Scientists have identified 43 previously unknown forms of carbon that are thought to be stable and superhard—including several predicted to rival the hardness of diamonds.
Each new carbon variety consists of carbon atoms arranged in a distinct pattern in a crystal lattice.
Superhard materials can slice, drill, and polish other objects. They also hold potential for creating scratch-resistant coatings that could help keep expensive equipment safe from damage.
The study—published in npj Computational Materials—combines computational predictions of crystal structures with machine learning to hunt for novel materials. The work is theoretical research, meaning that scientists have predicted the new carbon structures but have not created them yet.
“Diamonds are right now the hardest material that is commercially available, but they are very expensive,” says Eva Zurek, professor of chemistry at the University at Buffalo. “I have colleagues who do high-pressure experiments in the lab, squeezing materials between diamonds, and they complain about how expensive it is when the diamonds break.
“We would like to find something harder than a diamond. If you could find other materials that are hard, potentially you could make them cheaper. They might also have useful properties that diamonds don’t have. Maybe they will interact differently with heat or electricity, for example.”
Hardness relates to a material’s ability to resist deformation. As Zurek explains, it means that “if you try to indent a material with a sharp tip, a hole will not be made, or the hole will be very small.”
Scientists consider a substance to be superhard if it has a hardness value of over 40 gigapascals as measured through an experiment called the Vickers hardness test.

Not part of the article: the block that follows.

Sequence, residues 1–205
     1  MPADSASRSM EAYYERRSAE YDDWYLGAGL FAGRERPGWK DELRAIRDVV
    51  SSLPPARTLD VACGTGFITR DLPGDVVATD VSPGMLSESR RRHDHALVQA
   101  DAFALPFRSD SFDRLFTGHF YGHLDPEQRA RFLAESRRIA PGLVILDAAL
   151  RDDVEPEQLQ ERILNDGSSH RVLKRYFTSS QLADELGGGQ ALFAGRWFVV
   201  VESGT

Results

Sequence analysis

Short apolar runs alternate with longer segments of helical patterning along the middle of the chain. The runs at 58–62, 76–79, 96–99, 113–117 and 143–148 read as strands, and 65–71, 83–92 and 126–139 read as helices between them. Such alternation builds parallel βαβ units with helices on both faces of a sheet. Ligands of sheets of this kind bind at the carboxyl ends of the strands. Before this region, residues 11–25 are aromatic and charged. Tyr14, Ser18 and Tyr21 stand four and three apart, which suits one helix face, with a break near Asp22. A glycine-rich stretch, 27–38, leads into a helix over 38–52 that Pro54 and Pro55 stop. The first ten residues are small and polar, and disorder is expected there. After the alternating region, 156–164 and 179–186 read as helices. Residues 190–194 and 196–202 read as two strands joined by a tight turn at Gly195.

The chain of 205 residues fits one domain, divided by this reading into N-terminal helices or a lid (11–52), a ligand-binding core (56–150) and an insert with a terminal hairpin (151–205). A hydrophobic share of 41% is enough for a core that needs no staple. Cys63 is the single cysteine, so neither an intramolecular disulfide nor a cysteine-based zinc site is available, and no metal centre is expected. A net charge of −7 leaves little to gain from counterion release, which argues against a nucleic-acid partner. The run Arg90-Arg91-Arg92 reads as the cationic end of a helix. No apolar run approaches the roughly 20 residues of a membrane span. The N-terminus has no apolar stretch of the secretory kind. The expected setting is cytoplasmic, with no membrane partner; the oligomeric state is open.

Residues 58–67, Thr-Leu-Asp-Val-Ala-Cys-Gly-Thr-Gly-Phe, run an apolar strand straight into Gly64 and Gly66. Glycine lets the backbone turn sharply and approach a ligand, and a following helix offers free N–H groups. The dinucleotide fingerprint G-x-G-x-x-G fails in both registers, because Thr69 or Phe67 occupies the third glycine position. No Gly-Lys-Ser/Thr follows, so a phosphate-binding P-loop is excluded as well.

All of the study’s 43 new carbon structures are predicted to meet that threshold. Three are estimated to exceed the Vickers hardness of diamonds, but only by a little bit. Zurek also cautions that there is some uncertainty in the calculations.
The hardest structures the scientists found tended to contain fragments of diamond and lonsdaleite—also called hexagonal diamond—in their crystal lattices. In addition to the 43 novel forms of carbon, the research also newly predicts that a number of carbon structures that other teams have described in the past will be superhard.
The techniques used in the new paper could be applied to identify other superhard materials, including ones that contain elements other than carbon.
“Very few superhard materials are known, so it’s of interest to find new ones,” Zurek says. “One thing that we know about superhard materials is that they need to have strong bonds. Carbon-carbon bonds are very strong, so that’s why we looked at carbon. Other elements that are typically in superhard materials come from the same side of the periodic table, such as boron and nitrogen.”
To conduct the study, researchers used XtalOpt, an open-source evolutionary algorithm for crystal structure prediction developed in Zurek’s lab, to generate random crystal structures for carbon. Then, the team employed a machine learning model to predict the hardness of these carbon species. XtalOpt used the most promising hard and stable structures as “parents” to spawn additional new structures, and so on.
The machine learning model for estimating hardness was trained using the Automatic FLOW (AFLOW) database, a huge library of materials with previously calculated properties. The lab of study co-leader Stefano Curtarolo, professor of mechanical engineering and materials science at Duke University, maintains AFLOW and previously developed the machine learning model with Olexandr Isayev’s group at the University of North Carolina at Chapel Hill.
“This is accelerated material development. It’s always going to take time, but we use AFLOW and machine learning to greatly accelerate the process,” Curtarolo says. “The algorithms learn, and if you have trained the model well, the algorithm will predict the properties of a material—in this case, hardness—with reasonable accuracy.”
“You can take the best materials predicted using computational techniques and make them experimentally,” says study coauthor Cormac Toher, assistant research professor of mechanical engineering and materials science at Duke.
Additional researchers from the University at Buffalo, Duke University, and the Universitá degi Studi di Milano contributed to the work.
Funding came from the US Office of Naval Research, with additional support from the Universitá degi Studi di Milano, and computational support from the University at Buffalo’s Center for Computational Research.
Source: University at Buffalo